I hope this helps you.

    Todd

  3. #3
    Join Date
    Nov 2006
    Location
    La Habra Hts. CA
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    399
    Quote Originally Posted by Todd Gilly View Post
    We use small step ladders instead of full size ladders. We rarely need to go over an 8 foot reach. We also use 4 inch PVC pipe to hold levels and short trim for convenience and protection. We also shop built carry trays with an assortment of screws and nails that we need as well as wood putty and wood glue. Other suggestions are cord reels for extension cords that are stowed easily and tangle free. It is important to roll up the cords with the female plug first so we only roll out as much cord as we need after plugging in the male end. Use cord reels for air hoses. While we have not yet implemented we have considered using PVC pipe bolted to the side of the delivery trailer to carry crown moulding. 3 way plug splitters are a must. Our tools are not stored in vehicles. They are stored in our storage building but we have dedicated install tools. In this storage area we have a clip board that holds a check list for what to bring on an installation. If we find that we need something next time, we add it to the list. One argument is that you can bring the whole shop to the job site but we have learned it is much better to "have it and not need it than it is to need it and not have it" so we bring the essentials. When I occasionally had to "split" installation crews, I purchased a very small and cheap compressor from Harbor Freight. I only expected it to be for occasional use but my guys grab it first because it is so light and easy to carry. The only problem I have with this is if it goes belly up on the job then we have to return with the "normal" compressor. Purchase a decent but small miter saw. The smallest you can comfortably work with. They are lighter and take up less space. We have an 8 inch Delta and a 10 inch Ryobi. The 12 inch Dewalts stay in the shop. Multipurpose tools are helpful like multibit screwdrivers etc. If you can swing it get the fuel cell type nail guns and you will cut down on your compressor, extension cord and air hose hassles.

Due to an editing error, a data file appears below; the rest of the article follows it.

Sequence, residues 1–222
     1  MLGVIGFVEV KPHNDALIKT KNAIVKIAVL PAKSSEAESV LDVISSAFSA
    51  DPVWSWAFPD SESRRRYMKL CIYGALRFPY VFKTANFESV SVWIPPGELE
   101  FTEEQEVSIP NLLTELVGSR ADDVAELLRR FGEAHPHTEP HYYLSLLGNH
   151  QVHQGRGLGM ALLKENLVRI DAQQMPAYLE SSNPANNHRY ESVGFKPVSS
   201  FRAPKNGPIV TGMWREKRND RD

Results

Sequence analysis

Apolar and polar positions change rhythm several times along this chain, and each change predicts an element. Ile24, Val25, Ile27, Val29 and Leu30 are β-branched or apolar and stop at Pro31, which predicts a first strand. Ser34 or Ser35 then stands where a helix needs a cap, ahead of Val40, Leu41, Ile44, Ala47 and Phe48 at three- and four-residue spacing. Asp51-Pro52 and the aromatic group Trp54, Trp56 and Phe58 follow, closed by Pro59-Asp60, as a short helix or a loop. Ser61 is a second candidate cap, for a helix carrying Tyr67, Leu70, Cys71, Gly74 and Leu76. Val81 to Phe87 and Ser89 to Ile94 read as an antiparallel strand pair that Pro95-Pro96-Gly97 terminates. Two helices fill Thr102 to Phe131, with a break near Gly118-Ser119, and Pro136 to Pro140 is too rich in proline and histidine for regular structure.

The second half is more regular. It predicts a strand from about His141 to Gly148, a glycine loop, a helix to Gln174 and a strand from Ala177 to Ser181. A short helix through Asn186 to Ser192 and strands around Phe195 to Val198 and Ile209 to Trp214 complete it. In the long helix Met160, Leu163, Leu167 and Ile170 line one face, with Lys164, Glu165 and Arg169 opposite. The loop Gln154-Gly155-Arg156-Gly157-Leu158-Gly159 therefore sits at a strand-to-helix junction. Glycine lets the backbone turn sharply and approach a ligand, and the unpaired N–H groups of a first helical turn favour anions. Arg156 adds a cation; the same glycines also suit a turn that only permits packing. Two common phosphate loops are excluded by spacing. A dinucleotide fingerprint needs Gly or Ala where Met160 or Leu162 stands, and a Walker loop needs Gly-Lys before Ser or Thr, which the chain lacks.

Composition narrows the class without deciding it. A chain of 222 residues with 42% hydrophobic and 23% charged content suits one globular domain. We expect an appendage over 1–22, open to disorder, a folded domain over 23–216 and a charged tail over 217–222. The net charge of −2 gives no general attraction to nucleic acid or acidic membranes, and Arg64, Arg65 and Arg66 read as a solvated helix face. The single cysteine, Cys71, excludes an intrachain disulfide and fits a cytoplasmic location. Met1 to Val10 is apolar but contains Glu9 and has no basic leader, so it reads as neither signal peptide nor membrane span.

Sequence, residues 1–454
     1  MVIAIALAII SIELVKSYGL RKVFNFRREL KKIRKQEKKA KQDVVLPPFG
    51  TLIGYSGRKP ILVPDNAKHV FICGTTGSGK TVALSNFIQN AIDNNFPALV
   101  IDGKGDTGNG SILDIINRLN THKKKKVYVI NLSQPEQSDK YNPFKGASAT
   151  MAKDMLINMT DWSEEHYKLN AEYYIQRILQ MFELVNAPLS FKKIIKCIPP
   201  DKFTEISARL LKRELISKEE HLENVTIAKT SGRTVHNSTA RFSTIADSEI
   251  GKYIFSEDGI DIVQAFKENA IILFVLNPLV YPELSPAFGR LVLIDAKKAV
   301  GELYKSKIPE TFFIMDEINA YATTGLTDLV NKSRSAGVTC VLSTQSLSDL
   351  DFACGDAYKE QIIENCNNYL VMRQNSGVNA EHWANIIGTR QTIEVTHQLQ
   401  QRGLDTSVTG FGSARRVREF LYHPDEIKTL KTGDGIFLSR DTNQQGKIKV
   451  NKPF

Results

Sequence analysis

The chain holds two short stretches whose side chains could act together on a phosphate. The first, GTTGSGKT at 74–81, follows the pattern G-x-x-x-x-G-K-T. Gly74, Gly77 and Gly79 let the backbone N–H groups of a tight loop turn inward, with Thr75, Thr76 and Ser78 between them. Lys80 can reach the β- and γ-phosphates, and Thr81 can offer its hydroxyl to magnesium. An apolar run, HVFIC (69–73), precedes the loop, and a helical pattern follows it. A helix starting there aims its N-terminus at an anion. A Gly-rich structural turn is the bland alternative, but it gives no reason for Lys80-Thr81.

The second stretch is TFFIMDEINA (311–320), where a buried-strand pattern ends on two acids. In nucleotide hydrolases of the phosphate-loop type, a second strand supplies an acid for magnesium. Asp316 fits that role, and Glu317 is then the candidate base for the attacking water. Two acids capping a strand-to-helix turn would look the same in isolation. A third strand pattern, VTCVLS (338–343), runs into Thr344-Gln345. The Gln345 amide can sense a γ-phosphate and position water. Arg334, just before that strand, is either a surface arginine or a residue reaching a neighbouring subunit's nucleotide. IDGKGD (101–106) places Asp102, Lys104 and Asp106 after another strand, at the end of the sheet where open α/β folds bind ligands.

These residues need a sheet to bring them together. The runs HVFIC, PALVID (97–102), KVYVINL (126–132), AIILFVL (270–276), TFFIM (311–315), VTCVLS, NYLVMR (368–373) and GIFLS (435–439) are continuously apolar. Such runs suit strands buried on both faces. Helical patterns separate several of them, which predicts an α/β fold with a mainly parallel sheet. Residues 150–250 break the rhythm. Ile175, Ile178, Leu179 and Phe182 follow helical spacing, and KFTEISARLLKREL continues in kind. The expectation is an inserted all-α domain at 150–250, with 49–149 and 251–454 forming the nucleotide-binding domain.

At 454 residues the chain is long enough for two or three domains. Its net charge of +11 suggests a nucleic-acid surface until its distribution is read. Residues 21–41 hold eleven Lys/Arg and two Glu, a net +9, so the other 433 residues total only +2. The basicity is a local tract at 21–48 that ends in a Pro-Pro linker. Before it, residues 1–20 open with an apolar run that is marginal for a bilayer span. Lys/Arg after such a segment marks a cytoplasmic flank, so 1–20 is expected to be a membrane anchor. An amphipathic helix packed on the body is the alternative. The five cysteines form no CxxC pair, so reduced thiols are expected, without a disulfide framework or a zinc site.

I hope this helps you.